Shadowy syndicates, superheros and melancholy characters – tick, tick and tick!
Darker than Black (Dākā Zan Burakku ー Kuro no Keiyakusha) 2007
I feel like Darker Than Black walks a line between drama for characters who are under-powered and drama for characters who are over-powered.
And of course, while I use the word ‘superhero’ I don’t mean it in the Marvel sense. This is quieter stuff, but powers and the impact on both the people who use them and the overall storyline are definitely still the main focus.
Having said that, I was perhaps most compelled by the slow-drip of back-story for Hei/Li. That and the central mystery in terms of the gate disaster, especially since the setting and its implications really unified the episodic mysteries, in addition to fuelling that back-story.
It was also fun to see a structure of connected episodes that weren’t always finished in one 20-minute span. Not a whole lot felt rushed until maybe the ending of the series, though that’s perhaps debatable.
Now, it feels cruel to say that I have some fav episodes, since the others aren’t bad ones at all, but here they are anyway!
The Fallen Star of a Contract The Scent of Gardenias Lingers in the Summer Rain The White Dress, Stained with the Girl’s Dreams and Blood A Heart Unswaying on the Water’s Surface A Love Song Sung from a Trash Heap
I know I mentioned ‘melancholy characters’ earlier but the tone of the show is hardly morose. Elsewhere, for instance, Gai and his sidekick Kiko offered some lighter moments for contrast.
And while Amber perhaps ended up being a bit underdeveloped for me, I see why she had to remain at least somewhat mysterious. Hei was a great lead character – he was also quite the actor when it comes to faking shyness to fool those around him, and Yin has an interesting, slowly developing mini arc that was probably my fav aspect overall.
Classic stuff from Bones and folks behind shows such as Wolf’s Rain or Ghost in the Shell: Stand Alone Complex among others, and including a distinctive Yoko Kanno OST.
Despite not enjoying the ending as much as rest of the series, I finished Darker Than Black without any desire to see the second season, which tells me that I obviously felt there was enough of a satisfying resolution to season one.
Cowboy Bebop: The Movie (Kaubōi Bibappu: Tengoku no Tobira) 2001
Another powerhouse film from the dawn of Bones as a studio.
Back when I was reviewing the Escaflowne movie I was reading about Bones using certain scenes to showcase the animators and I wonder if that holds true with the Cowboy Bebop film?
The opening credits come to mind or the smash-up in the convenience store (“You take too long in the toilet!”) where things are very self-contained, serving as both a reintroduction to some of the cast, and as its own little mini story.
In any event, it all looks pretty ace and not just the fight scenes – but plenty of the scenery and montage moments too. The team themselves also look great with all that extra detail and narrower aspect ratio, which did take me a bit of time to adjust to, actually.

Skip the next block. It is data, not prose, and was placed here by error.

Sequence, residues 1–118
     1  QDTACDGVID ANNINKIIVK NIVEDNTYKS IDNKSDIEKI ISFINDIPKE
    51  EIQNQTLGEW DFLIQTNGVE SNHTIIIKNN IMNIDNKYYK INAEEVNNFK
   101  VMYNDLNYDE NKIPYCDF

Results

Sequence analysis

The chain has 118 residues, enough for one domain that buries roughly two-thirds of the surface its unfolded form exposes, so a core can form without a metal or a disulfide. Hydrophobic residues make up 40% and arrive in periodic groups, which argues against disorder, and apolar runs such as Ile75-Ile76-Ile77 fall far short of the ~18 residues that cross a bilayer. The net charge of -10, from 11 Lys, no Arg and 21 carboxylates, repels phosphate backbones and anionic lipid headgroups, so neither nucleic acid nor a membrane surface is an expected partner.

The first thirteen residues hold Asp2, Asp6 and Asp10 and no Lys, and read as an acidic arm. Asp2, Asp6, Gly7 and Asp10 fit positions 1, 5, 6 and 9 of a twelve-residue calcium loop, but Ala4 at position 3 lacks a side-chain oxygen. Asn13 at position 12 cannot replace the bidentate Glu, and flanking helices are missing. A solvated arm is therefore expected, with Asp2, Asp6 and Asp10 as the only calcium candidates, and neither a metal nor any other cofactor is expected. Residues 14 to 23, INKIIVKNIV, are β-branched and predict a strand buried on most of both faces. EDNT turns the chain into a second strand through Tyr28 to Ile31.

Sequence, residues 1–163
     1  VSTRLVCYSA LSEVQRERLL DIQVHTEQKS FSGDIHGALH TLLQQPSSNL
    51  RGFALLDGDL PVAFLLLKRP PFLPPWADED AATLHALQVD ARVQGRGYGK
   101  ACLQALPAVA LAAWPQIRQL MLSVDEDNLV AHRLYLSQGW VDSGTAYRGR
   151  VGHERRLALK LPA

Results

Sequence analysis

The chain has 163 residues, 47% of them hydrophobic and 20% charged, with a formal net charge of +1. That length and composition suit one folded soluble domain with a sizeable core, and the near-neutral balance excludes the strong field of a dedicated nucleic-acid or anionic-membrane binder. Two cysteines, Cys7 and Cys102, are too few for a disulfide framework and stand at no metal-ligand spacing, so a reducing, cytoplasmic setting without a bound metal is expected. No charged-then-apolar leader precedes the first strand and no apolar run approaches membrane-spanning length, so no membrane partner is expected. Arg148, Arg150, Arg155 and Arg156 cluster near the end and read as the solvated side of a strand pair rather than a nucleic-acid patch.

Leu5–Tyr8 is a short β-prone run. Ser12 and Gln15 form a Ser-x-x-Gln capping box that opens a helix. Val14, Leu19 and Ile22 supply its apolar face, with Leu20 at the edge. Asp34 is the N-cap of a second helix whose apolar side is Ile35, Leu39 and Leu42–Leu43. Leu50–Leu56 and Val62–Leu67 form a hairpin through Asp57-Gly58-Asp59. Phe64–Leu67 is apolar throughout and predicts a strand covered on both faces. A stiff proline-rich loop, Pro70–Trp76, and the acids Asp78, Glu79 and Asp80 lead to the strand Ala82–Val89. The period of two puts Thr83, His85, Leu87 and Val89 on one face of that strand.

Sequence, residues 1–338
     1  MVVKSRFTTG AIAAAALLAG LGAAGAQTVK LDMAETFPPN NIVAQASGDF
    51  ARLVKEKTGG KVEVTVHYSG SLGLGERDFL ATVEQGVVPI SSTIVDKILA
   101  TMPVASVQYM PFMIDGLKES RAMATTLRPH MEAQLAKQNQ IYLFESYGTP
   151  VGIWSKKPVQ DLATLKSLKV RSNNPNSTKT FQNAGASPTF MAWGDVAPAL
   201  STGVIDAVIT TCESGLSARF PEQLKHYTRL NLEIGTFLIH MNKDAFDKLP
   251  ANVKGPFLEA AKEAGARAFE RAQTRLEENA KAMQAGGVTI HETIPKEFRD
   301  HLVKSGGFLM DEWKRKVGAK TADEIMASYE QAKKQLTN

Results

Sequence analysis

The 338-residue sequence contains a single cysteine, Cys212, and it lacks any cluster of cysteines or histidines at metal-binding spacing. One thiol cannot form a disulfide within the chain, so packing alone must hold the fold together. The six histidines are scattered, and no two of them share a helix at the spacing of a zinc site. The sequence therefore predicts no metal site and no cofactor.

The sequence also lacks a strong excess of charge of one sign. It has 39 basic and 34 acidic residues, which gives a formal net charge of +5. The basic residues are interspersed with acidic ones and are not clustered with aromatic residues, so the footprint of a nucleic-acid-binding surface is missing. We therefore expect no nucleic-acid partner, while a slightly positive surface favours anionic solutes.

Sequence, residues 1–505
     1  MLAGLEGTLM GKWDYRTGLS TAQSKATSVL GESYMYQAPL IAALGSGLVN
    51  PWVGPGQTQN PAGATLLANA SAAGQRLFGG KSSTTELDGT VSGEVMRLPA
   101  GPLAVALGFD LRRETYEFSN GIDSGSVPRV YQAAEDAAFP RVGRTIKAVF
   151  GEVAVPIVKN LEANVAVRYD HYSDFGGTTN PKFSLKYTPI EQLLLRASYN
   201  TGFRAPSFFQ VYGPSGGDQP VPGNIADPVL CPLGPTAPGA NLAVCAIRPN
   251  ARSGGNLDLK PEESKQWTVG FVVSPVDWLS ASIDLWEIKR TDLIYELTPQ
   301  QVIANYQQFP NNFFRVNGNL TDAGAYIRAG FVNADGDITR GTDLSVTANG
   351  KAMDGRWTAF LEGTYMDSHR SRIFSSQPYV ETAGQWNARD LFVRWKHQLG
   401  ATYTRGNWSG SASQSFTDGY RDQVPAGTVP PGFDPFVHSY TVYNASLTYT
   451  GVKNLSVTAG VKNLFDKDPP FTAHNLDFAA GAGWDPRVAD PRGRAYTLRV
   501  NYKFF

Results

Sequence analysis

A note, this won’t be a detailed analysis, it’s just going to be me skipping through a few things I liked 😀
So, if you loved the series but for some reason have never seen the film, will you like it? Surely yes.
This time, the gang have to deal with a terrorist with the skills to actually bring about some serious destruction, choosing the chemical warfare path. Vincent is a pretty good villain, menacing and understandable if not someone I’d actually empathise with perhaps.
Of the new characters showcased in the film, Eletcra is easily my fav – fitting nicely into the ‘girls with guns’ mold, but great hand-to-hand skills are also on display with the that fantastic ‘Clutch’ fight against Spike.
The OST is another triumph of versatility from Yoko Kanno (even with the uncredited Sugababes cover), with What Planet is This?!and Time to Know being my favs, and of course, havingTime to Knowlinked to Ed and Ein’s search is obviously perfect.
There are too many great scenes to highlight of course – and so beyond the two I’ve already mentioned above, I will also say the super-dramatic introduction to Vincent is great, especially with the depth of field tweaks.
Speaking of Vincent, I’ve always wondered about his almost half-hearted attempted rape of Faye. Is it meant to illustrate his disconnect with reality or was it ‘just’ fan-service?
If it is supposed to show Vincent as dehumanised (which fits) I find it hard to believe he’d bother, he’s so apathetic – yet at the same time, desperately focused on a singular goal to the exclusion of everything else.
(Sometimes the film is described as a long episode of the show, and that feels right but not in a disparaging way, I hope. Cowboy Bebop’s episodic storytelling often had more content and stronger resolutions in 20-odd minutes that plenty of feature films).
But to return to the film now and also wrap things up – for me Cowboy Bebop The Movie lives up to the series, and exceeds it visually, and even though Jet is a little side-lined throughout, it’s still one of my fav anime films.